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2022 Year in Review: Incredible Science Stories

To recap 2022, is taking a look back at some of the most interesting stories we’ve covered this year.
Today we’re looking at some incredible stories from the world of science.

Doctors Give Man Pig’s Heart in Medical “First”

Medical team performing the first transplant of a pig heart into a human.
Last Friday, doctors at the University of Maryland Medical Center successfully replaced the heart of a very sick man with a specially-grown pig’s heart. It’s the first time this surgery has ever been done. After three days, the patient appears to be doing very well.

Huge Area of Icefish Nests Found In Antarctica

Twenty or more icefish guard nests at the bottom of the southern Antarctic Weddell Sea.
Scientists exploring the ocean floor in Antartica have found the largest group of fish nests ever discovered. The huge area of nests came as a surprise, and will help scientists develop a more complete idea of the ocean food web in the area.

Scientists Identify Animals by DNA in the Air

Christina Lynggaard and Kristine Bohmann collect air samples at the Copenhagen Zoo.
Scientists have come up with a new way of identifying animals in an area – by testing DNA sucked out of the air. The researchers believe their new method could help scientists keep track of animals that are hard to spot, including endangered animals.

Spine Implant Lets Paralyzed People Walk Again

Patients with spinal cord injuries walking with walkers in Lausanne.
When someone damages their backbone, the injury can leave them paralyzed and unable to walk. Now, scientists have given three paralyzed men the ability to walk again, thanks to a device placed in their spine. Incredibly, the men were able to walk in just hours.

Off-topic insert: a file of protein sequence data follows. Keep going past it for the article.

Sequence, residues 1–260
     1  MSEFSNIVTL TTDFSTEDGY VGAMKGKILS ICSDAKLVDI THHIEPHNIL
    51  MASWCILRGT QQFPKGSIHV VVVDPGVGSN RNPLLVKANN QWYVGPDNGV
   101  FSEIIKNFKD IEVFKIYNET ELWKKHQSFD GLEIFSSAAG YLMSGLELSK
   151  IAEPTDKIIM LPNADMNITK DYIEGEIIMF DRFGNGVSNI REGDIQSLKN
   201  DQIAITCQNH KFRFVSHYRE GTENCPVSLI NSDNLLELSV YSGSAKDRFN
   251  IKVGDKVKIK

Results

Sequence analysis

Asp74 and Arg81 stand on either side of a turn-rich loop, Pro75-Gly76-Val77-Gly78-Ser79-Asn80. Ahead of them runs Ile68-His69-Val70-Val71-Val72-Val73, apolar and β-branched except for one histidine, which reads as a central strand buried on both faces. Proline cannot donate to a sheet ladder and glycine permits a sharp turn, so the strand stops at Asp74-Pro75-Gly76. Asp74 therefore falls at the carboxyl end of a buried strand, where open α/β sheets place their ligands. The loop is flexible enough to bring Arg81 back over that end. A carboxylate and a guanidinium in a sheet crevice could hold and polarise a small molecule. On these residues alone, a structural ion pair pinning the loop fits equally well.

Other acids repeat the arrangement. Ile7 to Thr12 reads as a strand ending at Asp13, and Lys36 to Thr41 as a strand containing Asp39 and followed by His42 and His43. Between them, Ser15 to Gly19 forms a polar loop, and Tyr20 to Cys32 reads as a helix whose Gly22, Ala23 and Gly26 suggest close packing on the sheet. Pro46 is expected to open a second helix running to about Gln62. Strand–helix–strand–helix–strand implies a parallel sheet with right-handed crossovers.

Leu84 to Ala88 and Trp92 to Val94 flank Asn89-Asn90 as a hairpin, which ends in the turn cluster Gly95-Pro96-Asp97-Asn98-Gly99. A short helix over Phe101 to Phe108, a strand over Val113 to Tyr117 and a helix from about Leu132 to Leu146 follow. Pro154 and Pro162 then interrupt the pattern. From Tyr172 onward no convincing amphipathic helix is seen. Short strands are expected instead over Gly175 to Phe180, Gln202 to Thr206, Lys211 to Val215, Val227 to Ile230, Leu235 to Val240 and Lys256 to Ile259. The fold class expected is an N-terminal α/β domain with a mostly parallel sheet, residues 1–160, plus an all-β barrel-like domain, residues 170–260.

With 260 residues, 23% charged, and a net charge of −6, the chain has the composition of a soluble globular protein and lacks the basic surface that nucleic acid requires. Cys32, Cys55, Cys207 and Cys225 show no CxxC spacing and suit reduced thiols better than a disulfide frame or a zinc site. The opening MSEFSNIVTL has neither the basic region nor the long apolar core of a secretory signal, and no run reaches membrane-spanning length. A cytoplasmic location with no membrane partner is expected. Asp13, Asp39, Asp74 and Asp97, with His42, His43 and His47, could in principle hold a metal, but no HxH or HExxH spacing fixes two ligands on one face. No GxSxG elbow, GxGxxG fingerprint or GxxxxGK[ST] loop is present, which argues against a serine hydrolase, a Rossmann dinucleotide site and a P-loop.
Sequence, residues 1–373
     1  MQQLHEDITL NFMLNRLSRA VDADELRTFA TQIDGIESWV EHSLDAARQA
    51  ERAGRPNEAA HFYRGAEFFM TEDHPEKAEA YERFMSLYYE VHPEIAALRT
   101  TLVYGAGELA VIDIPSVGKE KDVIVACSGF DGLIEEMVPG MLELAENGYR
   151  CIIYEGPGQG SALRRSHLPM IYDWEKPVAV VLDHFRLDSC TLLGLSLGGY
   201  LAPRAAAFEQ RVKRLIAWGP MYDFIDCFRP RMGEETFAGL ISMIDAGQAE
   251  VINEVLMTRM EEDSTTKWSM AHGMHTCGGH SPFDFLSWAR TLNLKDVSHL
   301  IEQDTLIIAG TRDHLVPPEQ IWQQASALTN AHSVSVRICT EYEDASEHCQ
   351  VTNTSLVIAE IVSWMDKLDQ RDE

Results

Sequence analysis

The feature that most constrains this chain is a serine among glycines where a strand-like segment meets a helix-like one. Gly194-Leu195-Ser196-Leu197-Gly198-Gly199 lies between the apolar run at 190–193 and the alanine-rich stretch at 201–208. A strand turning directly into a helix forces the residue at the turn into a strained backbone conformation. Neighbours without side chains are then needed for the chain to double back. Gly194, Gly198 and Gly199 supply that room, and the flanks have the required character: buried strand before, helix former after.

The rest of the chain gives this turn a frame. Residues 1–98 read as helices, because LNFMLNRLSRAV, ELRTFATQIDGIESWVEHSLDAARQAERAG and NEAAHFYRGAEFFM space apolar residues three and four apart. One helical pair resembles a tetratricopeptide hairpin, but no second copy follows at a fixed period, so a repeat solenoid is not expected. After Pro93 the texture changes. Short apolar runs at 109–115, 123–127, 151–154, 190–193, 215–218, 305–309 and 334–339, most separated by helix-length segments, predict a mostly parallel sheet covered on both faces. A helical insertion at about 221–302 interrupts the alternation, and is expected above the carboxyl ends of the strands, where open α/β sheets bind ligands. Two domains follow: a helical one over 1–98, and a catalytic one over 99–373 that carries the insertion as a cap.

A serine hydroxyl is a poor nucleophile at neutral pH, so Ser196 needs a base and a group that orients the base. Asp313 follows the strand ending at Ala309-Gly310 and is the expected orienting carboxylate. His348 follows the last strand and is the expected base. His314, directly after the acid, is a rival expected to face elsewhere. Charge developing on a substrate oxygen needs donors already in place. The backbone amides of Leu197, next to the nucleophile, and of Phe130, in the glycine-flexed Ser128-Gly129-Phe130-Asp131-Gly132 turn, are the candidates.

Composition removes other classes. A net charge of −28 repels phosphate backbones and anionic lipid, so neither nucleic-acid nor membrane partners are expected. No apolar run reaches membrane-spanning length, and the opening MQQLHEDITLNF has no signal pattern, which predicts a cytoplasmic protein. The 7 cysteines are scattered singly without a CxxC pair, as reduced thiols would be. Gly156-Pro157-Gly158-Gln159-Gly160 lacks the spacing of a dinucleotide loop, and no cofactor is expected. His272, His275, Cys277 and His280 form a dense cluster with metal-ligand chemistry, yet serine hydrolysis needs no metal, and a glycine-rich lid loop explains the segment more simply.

Serious Coral Bleaching Hits Great Barrier Reef Again

Bleached staghorn coral in the Great Barrier Reef in 2009.
The group in charge of caring for Australia’s Great Barrier Reef reports that the reef appears to be going through another widespread coral “bleaching” event. Once again, rising ocean temperatures are threatening this massive underwater treasure.

Scientists Train Nerve Cells in a Dish to Play Video Game

‘Dishbrain’ under the microscope. A microscopy image of neural cells where fluorescent markers show different types of cells. Green marks neurons and axons, purple marks neurons, red marks dendrites, and blue marks all cells. Where multiple markers are present, colours are merged and typically appear as yellow or pink depending on the proportion of markers.
Researchers in Australia have shown that human nerve cells in a dish can form a “brain” that can learn to play a simple video game. The research could help scientists understand the brain better. It could also lead to new kinds of computers.

Mosquito Larva Hunters Have Head-Popping Secret

Two screenshots showing before and after as the larva of an elephant mosquito launches its head to grab the larva of another kind of mosquito.
Most mosquitoes are annoying, and a serious health risk. But some aren’t. A few even help get rid of other mosquitoes. Now, scientists have discovered the head-popping secret that turns the larvae of some mosquitoes into deadly hunters of other mosquitoes.

Scientists Test Blood Grown in a Laboratory

Highly magnified image of a red blood cell grown in a lab.
For the first time ever, scientists are testing red blood cells grown in a laboratory on human volunteers. If the experiment is successful, the process could make it far easier to supply blood to people who need it – especially those with rare blood types.

Sharks Help Discover World’s Largest Sea Grass Meadow

Mature tiger shark swimming over Syringodium filiforme sea grass on the Little Bahama Bank.
Scientists have discovered the world’s largest known field of sea grass. They did it using videos shot by some unusual helpers: tiger sharks. The work should help protect the sea grass, and also shows off a powerful way to explore the ocean.

Fusion Progress: Scientists Gain Energy for the First Time

To create fusion ignition, the National Ignition Facility’s laser energy is converted into X-rays inside the hohlraum, which then compress a fuel capsule until it implodes, creating a high temperature, high pressure plasma.
US scientists announced a huge step forward for fusion energy. For the first time ever, they got more energy out of the process than they put into it. Fusion power is a long way off, but the news is major progress toward a powerful, clean energy source.



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